Gartener suggests that thin clients can save an IT department 80% in support desk costs. When applications are moved to the server, the increased control for the IT department brings almost immeasurable benefits in uniformity, security, and data privacy. Thin clients virtually eliminate virus threats. You can control user access, control what users copy to their local drives, and filter email attachments.

Energy Savings

One unexpected recent boon to thin client sales in California and other states is the energy crisis. Thin client devices generally consume only between 1/5th and 1/12th of the energy of their PC counterparts. While the requirement for an increased number of central servers may offset a small part of these energy savings, organizations with remote offices can often eliminate servers in those offices entirely, enabling still greater net reductions in electricity usage.

The Growing Market

With more companies realizing these benefits, it should come as no surprise that International Data Corporations (IDC) predicts US shipments of enterprise thin client devices will grow from 929,000 in the year 2000 to over 4.8 million in 2004. What are the key factors that will drive the market growth? The IDC report notes several, including:

  • IT managers under constant pressure to reduce costs while improving access to enterprise data will "continually evaluate desktop purchases" to determine which type of system delivers the best price/performance ratio for their organizations.
  • As adoptions rate of thin clients increase, the benefits and cost advantage of this solution will become increasingly well known in the IT community driving further growth in the market

As IDC states bluntly, "legacy data has never, and will never, go away." Thin clients make dealing with legacy material much easier, because the it staff can manage the material centrally so users don't corrupt it. Finally the growth of "fat pipes" - high bandwidth solutions such as DSL and cable modems - will also spur the adoption of thin client computing. IT managers feared that moving applications away from the desktop would prove to be a drag on network performance. However, the availability of high bandwidth has made thin clients an attractive option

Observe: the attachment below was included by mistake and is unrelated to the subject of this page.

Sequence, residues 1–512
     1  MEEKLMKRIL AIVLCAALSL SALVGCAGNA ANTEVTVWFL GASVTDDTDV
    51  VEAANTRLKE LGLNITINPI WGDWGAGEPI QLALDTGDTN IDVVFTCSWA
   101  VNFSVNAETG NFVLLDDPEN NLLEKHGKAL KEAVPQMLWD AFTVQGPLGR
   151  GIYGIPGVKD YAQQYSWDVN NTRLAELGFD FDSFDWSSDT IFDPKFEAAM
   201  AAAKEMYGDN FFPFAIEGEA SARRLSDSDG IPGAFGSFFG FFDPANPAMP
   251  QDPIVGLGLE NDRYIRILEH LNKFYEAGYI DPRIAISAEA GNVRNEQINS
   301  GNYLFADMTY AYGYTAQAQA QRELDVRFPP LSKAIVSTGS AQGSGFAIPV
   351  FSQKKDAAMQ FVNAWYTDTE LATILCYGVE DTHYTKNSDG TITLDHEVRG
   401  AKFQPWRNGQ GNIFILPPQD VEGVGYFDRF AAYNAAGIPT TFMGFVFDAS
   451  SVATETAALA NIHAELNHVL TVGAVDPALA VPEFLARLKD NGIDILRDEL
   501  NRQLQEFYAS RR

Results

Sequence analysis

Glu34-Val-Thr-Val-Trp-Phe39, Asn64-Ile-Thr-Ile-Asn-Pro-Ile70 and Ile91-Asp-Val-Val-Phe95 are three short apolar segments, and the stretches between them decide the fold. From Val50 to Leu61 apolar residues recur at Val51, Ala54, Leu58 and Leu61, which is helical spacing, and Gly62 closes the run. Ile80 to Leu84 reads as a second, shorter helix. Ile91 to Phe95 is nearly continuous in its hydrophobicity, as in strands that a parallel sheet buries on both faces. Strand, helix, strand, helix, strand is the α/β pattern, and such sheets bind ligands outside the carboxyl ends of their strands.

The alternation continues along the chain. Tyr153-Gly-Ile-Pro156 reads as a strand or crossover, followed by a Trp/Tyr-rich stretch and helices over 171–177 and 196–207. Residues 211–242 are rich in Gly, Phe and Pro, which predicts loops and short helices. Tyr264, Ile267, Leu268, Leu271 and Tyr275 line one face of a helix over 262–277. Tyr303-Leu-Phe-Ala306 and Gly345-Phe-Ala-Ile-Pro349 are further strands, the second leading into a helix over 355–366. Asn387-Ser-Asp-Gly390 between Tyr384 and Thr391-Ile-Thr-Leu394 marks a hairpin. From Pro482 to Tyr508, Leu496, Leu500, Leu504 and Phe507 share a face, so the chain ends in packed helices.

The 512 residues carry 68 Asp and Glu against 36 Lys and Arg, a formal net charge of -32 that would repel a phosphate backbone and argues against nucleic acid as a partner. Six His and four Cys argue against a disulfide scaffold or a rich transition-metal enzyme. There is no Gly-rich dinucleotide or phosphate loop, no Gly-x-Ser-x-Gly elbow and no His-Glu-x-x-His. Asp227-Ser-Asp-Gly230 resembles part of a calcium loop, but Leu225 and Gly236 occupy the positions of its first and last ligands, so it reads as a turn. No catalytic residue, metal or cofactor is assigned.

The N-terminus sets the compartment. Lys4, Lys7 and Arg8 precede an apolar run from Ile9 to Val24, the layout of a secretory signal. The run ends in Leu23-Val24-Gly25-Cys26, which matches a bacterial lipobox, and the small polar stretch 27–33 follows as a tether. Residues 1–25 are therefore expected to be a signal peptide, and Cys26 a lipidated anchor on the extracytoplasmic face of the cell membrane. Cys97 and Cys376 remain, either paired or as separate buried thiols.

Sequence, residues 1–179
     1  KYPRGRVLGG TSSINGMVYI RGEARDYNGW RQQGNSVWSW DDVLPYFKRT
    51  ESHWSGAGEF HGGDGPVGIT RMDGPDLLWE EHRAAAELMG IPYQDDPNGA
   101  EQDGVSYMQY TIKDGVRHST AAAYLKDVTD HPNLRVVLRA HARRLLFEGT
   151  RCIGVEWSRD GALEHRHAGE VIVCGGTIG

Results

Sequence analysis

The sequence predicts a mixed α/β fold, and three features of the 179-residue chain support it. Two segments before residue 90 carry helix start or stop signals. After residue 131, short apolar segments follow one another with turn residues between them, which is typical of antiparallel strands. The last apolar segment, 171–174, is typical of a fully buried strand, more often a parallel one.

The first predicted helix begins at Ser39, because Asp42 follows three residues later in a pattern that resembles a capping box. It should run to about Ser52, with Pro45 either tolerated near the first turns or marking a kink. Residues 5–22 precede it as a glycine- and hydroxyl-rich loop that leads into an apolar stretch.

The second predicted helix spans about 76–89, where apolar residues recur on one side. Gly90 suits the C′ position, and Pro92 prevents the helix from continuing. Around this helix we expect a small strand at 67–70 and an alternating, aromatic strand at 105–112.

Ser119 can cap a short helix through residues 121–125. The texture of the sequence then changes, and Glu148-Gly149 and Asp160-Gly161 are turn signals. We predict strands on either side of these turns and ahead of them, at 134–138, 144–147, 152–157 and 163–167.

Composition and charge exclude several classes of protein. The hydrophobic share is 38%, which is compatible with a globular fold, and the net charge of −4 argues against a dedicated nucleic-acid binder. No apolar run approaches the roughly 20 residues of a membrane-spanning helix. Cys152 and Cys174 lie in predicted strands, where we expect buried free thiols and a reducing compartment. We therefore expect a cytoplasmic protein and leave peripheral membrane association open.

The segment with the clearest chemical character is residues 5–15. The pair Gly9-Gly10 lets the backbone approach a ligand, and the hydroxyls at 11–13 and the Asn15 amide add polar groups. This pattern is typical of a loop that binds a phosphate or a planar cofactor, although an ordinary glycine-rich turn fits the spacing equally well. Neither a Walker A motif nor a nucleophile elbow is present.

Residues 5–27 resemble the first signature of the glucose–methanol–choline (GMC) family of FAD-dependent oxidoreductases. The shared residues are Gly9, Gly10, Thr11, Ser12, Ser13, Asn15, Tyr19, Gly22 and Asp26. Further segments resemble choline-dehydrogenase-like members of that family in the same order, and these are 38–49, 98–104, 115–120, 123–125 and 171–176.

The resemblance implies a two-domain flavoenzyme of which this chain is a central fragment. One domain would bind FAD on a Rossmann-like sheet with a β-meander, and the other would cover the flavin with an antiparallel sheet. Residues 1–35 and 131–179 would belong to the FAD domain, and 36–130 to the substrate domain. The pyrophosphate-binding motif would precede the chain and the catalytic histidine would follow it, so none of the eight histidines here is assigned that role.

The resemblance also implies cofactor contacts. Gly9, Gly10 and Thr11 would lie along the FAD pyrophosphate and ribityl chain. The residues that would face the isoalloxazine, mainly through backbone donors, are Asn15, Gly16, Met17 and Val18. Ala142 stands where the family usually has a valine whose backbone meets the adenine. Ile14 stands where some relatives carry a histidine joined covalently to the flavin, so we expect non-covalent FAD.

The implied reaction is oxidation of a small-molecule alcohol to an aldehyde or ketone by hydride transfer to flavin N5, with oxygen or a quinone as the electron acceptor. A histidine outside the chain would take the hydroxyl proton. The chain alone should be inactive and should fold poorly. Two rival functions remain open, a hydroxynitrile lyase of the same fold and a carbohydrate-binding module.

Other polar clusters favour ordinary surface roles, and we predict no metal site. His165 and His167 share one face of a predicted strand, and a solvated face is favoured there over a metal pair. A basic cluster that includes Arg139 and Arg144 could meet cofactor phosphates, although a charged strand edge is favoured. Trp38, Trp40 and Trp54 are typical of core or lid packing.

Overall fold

Overcoming Resistance

Despite the compelling advantages of thin clients, they sometimes face opposition within some IT organization for outdated or inaccurate reasons. At the top of the list is the fear that end users will rebel when their "fat" PCs are taken away. Although some early grousing among users is common, most studies show an increased user satisfaction with the IT department after moving to thin clients.

Some IT departments mistakenly believe that thin clients aren't standard products. This is a misconception because thin clients gain their power from the servers and networks that support them. Servers and networks are ubiquitous and very well understood so fears of nonstandard devices are unfounded.

In the end, thin client computing combines the security and control of a mainframe with the interface and function of a PC. as IT organizations seek to stay lean and mean, as users move from centralized office complexes to remote and mobile positions, it seems inevitable that many will cut out the "fat" in favor of a thin client solution.